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Nation, flags and memory card games

One of the “portable” games offered by Flying Tiger is a memory card game with national flags as a theme. The game has 68 cards (34 national flags) and I like it not only because it's one of the largest memory games I've seen, if not the largest (about 50 cards or fewer being the norm, for what I can see), but also because of its educational side-effect, as each card features not only the flag, but also (in the “native” language as well as in English) the name of the nation and the name of the capital city.

After the first play, my first consideration was that Mexico was missing from the flags/nations (why Mexico? personal reasons). The next thing I noticed was that the selection of nations is essentially centered around Europe, with only a handful of extra-European nations included. This is when I realized how small the selection is: 34 nations is less than a fifth of the nations of the world, even if you consider the smallest possible set (the 190 states whose sovereignity is undisputed).

So obviously, my next thought was: how large would such a memory card game be? 190 states (at least) means 190 pairs, or 380 cards. The Flying Tiger cards are squares (with rounded corners) with a side length of 55mm, and I don't think it's reasonable to go much smaller. In fact, considering the padding between cards that is needed for practical reasons when laying them down for playing, we can assume square tiles with a 6cm side. That's 36cm², or 0.0036m² per tile. 380 such tiles would cover an area of 1.368m².

Curiously, 380 is very close 19.562, which means that if the 190 pairs were laid out in a square, they would take up a square area with a side of almost exactly 117cm, or 1.17m. Even I would have troubles reaching the cards on the opposite side of the table. Of course, you can't actually do that, because 380 is not a perfect square, so you cannot tile the cards on a square: you would have to either have to do a 19×20 rectangle (with sides of length 1.14m and 1.2m respectively), or a 20×20 square with an empty diagonal.

The issue of placing the memory cards in a pleasing pattern has always fascinated me. My daughter has a 48-cards game, which I like because the card can be laid out in a 7×7 square with a hole in the center. My son has a 32-cards game that can be laid out as a 6×6 square with missing corners.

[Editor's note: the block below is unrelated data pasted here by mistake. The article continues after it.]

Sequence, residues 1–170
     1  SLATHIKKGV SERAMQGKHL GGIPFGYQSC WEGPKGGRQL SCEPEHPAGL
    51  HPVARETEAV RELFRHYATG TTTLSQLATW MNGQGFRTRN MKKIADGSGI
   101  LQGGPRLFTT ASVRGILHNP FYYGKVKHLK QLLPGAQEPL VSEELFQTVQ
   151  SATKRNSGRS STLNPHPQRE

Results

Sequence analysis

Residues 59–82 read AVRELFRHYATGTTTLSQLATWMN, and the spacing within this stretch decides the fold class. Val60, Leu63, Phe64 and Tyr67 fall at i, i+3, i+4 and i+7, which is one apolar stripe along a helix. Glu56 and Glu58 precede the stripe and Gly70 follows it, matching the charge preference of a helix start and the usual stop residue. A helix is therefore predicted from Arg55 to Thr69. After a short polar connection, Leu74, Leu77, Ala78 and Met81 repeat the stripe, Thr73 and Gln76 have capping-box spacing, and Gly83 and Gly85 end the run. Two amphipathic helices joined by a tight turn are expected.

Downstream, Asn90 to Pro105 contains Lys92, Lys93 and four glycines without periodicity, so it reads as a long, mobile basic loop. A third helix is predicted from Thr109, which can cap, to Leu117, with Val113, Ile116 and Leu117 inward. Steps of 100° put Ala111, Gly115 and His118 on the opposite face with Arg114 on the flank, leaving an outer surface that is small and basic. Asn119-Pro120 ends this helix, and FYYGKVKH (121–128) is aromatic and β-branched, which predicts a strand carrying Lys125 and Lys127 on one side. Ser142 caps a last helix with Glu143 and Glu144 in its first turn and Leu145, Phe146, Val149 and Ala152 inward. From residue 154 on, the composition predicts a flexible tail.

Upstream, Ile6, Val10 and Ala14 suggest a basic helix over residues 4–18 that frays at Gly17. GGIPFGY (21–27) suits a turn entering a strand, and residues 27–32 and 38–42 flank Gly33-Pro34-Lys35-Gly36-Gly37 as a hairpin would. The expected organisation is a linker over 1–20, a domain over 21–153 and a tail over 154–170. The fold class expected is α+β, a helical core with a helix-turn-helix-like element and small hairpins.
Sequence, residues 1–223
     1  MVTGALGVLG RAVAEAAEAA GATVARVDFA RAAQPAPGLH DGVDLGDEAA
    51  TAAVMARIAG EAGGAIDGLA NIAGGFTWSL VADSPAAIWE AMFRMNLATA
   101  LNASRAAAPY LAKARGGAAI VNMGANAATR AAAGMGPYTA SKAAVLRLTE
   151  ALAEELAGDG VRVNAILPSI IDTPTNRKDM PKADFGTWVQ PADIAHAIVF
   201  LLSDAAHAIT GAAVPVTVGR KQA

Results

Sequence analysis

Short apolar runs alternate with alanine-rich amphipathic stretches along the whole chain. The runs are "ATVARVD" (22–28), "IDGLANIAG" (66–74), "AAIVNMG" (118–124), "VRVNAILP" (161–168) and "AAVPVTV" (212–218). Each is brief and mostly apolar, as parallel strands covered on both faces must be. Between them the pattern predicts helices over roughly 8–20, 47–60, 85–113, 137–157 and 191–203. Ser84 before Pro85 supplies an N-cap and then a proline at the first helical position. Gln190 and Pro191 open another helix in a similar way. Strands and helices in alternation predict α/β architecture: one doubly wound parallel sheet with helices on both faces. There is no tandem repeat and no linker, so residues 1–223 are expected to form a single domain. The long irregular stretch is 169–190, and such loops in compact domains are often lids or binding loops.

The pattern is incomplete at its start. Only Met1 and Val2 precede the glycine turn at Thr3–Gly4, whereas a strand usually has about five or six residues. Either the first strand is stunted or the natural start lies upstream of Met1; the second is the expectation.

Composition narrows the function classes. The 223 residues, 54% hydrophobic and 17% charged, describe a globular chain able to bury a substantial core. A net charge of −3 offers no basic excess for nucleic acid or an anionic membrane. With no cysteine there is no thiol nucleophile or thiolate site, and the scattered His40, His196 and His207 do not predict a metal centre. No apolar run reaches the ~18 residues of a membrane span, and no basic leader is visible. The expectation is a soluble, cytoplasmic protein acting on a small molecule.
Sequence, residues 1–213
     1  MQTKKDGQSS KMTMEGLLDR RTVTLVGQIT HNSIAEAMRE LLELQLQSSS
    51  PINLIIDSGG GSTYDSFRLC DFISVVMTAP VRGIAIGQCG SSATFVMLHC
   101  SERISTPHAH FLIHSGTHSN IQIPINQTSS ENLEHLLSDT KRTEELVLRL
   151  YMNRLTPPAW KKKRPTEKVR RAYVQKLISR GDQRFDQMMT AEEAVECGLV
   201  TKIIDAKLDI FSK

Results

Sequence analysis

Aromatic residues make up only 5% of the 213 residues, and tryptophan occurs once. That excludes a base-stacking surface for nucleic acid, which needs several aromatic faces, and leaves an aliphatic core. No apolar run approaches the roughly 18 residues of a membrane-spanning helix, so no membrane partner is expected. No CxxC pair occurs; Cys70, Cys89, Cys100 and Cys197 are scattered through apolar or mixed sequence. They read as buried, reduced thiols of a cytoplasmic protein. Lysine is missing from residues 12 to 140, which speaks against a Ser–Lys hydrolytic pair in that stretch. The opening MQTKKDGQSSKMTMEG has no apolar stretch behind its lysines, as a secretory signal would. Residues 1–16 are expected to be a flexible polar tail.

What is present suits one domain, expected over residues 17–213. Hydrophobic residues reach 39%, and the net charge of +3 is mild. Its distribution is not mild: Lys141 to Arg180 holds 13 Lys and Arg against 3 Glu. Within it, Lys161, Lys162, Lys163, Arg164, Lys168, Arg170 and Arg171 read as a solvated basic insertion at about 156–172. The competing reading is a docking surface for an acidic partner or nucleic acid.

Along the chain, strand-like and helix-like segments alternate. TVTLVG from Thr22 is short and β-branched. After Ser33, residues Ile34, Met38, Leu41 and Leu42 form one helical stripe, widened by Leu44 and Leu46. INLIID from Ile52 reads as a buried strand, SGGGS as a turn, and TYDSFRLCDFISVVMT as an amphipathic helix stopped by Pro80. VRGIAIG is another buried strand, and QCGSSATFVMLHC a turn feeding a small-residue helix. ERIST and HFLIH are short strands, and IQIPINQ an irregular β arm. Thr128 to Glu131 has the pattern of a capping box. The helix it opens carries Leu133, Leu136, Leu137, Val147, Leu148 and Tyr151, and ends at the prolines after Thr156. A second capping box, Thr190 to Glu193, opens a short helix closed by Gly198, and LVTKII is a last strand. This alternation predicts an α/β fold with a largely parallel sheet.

In fact, the 68-cards game that spurred these consideration is a bit annoying because 68=8×8+4, but the 4 extra cards cannot be placed in a nice symmetric way with good alignment because the sides of the square are even, not odd. Possible placemets are the “wheel” pattern (extending each of the sides with one card), the “shifted” pattern (place each extra card on the middle of each side, spanning the gap between the two central cards of the side), or the “versus” pattern, good when playing 1v1 games, with two extra cards on each of two opposing sides.

Obviously, the next question is: how many nations would you have to include to be able to tile out the cards in a “good” pattern?

Perfect squares

this solution can be achieved with 20×20=400 cards, or 200 states (note that without holes or extra cards, the square must be even); problem is, Wikipedia lists 206 states when including the ones with disputed sovereignity; we'd have to cherry-pick some, leaving out six of them;

The hole

an odd square can be made even by taking out a central hole;

a possible solution would be 19×19-1=360, but this would require removing 10 nations from the “uncontroversial” list;

the next one would be 21×21-1=440, which would require 220 states: can we find 14 other territories to add to the 206 states currently listed by Wikipedia?

Give or take more

good patterns can be obtained by removing the 4 corners, or by having 4 extra cards —particularly with an odd square;

20×20-4=396 would require 198 states, which could be assembled from the 193 UN member states, the 2 observer states, plus more (decisions, decisions);

21×21-1-4=436 would require 218 states: we'd only need to find 12 more than the ones listed by Wikipedia.

19×19-1+4=364 would require 182 states: still too little;

As it turns out, 380 isn't even that bad: since 19×19-1+4×5=361-1+20=380, a decent tiling can be found with a 19×19 square, without the center, plus 5 cards centered on each side.

And a long stick to pick the cards on the other side of the table.

But I want more

Revision 6.0 of the Unicode standard introduced Regional Indicator Symbols and their ligatures mapping to «emoji flag sequences». Of the 26×26=676 possible combinations, only 270 are considered valid, and if we ignore the 12 «deprecated region sequences», this leaves us with 256+2=258 “current” region sequences. We could use this as the basis for our memory card game!

With 258 regions we have 258×2=516 cards. What would be a good pattern? We have 516=22×22+32=22×22+4×8 which actually lends itself to a decent layout: a 22×22 square, plus 8 cards centered on each side.

How large would such a memory game be? At 6cm per tile, the main square wold be 1.32m wide. The extra cards on each side would make it 1.44m wide, which is actually a pretty nice number1 —if unwieldy in practice. Still, if we're basing our choice on what Unicode supports, why not build such a game around computers? You'd need lots of players to make sense of it anyway.

  1. anybody familiar with TEX would recognize 1.44 as “magnification step 2”, per Knuth's recommendation of scaling sizes by a geometric progression of ratio 1.2. ↩